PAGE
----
Tanks in the Japanese Army
- 1 Overview
- 2 Naming system for tanks
- 3 Post World War I tank designs
- 4 World War II
- 5 Post World War II
- 6 Overview per tank
- 6.1 Type 87 Chi-I (Experimental tank No.1)
- 6.2 Type 94 tankette
- 6.3 Type 97 Te-Ke tankette
- 6.4 Type 89 Chi-Ro medium tank
- 6.5 Type 95 Ha-Go light tank
- 6.6 Type 98 light tank
- 6.7 Type 2 Ke-To light tank
- 6.8 Type 4 Ke-Nu light tank
- 6.9 Type 97 Chi-Ha medium tank
- 6.10 Type 1 Chi-He medium tank
- 6.11 Type 3 Chi-Nu medium tank
- 6.12 Type 4 Chi-To medium tank
- 6.13 Type 5 Chi-Ri medium tank
- 6.14 Experimental Type 5 Ho-Ri tank destroyer
- 6.15 O-I super-heavy tank
- 6.16 Amphibious tanks
- 6.17 Tank destroyers and assault guns
- 6.18 German-influenced variants
- 7 Post World War II tanks
- 8 See also
- 9 Notes
- 10 References
- 11 External links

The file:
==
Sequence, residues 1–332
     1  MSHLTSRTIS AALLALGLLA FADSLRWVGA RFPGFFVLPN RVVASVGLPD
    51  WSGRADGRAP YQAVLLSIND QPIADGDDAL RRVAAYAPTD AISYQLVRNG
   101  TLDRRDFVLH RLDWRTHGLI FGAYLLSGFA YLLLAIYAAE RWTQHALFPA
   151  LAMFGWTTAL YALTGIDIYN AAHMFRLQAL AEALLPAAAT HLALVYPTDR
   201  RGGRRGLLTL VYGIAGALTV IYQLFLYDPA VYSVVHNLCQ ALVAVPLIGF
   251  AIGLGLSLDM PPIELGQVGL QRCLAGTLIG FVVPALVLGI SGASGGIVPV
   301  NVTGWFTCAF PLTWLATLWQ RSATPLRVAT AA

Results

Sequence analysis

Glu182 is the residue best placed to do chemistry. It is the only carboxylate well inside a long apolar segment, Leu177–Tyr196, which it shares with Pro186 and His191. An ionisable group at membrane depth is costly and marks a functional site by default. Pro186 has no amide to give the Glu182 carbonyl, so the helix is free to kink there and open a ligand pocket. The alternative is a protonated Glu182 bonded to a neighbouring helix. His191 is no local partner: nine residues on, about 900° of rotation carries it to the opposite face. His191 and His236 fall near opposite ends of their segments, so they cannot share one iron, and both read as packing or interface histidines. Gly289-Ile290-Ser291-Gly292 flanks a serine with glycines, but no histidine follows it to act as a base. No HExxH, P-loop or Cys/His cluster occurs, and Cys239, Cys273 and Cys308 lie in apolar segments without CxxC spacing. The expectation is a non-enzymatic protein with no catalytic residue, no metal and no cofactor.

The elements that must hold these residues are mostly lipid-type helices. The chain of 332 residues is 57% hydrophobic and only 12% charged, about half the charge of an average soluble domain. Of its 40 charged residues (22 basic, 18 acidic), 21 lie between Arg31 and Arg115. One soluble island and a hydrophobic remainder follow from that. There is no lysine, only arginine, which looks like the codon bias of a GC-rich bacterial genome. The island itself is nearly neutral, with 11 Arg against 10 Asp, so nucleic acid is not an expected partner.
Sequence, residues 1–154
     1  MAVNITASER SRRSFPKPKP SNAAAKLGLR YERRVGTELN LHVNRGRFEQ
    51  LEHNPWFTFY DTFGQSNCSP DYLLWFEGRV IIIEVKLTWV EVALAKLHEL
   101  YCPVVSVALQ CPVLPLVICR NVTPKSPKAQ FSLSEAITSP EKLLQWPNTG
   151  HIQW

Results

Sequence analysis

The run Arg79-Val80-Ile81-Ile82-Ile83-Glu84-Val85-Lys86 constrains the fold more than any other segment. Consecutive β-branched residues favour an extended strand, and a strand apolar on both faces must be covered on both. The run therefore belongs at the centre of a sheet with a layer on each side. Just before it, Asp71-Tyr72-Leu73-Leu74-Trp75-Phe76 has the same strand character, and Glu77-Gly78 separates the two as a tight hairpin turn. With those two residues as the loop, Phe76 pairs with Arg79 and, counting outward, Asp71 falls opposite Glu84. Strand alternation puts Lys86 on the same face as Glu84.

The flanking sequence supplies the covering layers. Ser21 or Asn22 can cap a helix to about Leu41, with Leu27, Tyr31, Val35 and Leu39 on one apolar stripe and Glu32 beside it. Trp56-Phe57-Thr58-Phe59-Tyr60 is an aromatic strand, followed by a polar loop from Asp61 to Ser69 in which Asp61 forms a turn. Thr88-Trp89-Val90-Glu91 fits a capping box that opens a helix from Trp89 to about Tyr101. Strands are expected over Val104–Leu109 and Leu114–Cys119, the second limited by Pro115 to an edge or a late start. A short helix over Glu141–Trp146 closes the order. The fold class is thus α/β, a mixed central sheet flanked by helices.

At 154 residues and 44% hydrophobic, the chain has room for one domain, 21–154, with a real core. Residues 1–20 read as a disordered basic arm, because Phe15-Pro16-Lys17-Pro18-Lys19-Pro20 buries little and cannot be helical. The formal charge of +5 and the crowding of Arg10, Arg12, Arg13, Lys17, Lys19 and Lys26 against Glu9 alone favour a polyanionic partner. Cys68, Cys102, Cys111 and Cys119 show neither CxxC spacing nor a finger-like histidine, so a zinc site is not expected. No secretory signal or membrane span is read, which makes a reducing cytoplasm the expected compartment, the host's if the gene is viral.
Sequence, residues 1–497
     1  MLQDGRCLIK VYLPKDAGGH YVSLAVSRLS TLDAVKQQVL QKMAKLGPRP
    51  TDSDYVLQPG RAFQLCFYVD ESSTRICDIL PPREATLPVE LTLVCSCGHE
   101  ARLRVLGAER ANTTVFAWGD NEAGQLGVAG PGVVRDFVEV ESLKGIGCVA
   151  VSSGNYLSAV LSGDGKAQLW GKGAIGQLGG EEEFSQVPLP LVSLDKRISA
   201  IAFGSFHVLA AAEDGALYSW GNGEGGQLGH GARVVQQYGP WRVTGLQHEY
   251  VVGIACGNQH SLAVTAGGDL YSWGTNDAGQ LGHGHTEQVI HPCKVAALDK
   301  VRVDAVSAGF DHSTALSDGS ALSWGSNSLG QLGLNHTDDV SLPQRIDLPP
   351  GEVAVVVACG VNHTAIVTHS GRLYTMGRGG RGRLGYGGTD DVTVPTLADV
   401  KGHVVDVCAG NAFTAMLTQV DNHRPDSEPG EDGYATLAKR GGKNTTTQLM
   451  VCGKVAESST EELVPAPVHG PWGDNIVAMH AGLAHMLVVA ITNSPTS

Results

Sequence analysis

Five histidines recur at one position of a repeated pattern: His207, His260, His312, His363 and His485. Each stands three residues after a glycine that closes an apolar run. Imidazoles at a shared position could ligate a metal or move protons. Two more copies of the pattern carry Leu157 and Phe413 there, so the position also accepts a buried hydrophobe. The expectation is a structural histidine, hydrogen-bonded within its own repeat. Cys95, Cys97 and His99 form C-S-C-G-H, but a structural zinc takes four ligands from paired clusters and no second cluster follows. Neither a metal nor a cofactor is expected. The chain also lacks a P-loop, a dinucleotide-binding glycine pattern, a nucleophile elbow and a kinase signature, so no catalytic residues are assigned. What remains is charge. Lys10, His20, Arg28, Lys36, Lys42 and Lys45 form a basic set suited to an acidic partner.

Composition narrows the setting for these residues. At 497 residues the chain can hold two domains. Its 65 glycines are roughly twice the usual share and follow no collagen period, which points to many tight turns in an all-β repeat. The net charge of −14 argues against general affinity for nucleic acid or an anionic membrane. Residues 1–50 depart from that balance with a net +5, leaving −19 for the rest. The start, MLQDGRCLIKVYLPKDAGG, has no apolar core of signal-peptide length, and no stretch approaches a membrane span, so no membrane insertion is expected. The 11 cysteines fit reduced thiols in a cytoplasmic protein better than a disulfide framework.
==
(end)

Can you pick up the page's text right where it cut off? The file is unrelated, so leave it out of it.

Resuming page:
The First World War established the validity of the tank concept. After the war, many nations needed to have tanks, but only a few had the industrial resources to design and build them. During and after World War I, Britain and France were the intellectual leaders in tank design, with other countries generally following and adopting their designs. Japan took interest in tanks and procured some of the foreign designs, and then went to build its own. Many Japanese designs were of tankettes and light tanks, for use in campaigns in Manchuria and elsewhere in China. During the mid-1930s, the "tank actions" there were mainly against opposing infantry as the Chinese National Revolutionary Army had only three tank battalions consisting of Vickers export tanks, German PzKpfw I light tanks, and Italian CV33 tankettes. Aside from the invasion of Malaya, and the Philippines, large-scale Japanese use of tanks was limited during the early years of the war and therefore development of newer designs were not given high priority as the Japanese strategy shifted to a "defensive orientation" after the 1941-42 victories. Armored vehicle development and fielding suffered as a result; a shift to designs with heavier armor and larger guns to fight against the larger tanks of the Allies came too late for the Japanese to field superior tanks on the battlefield.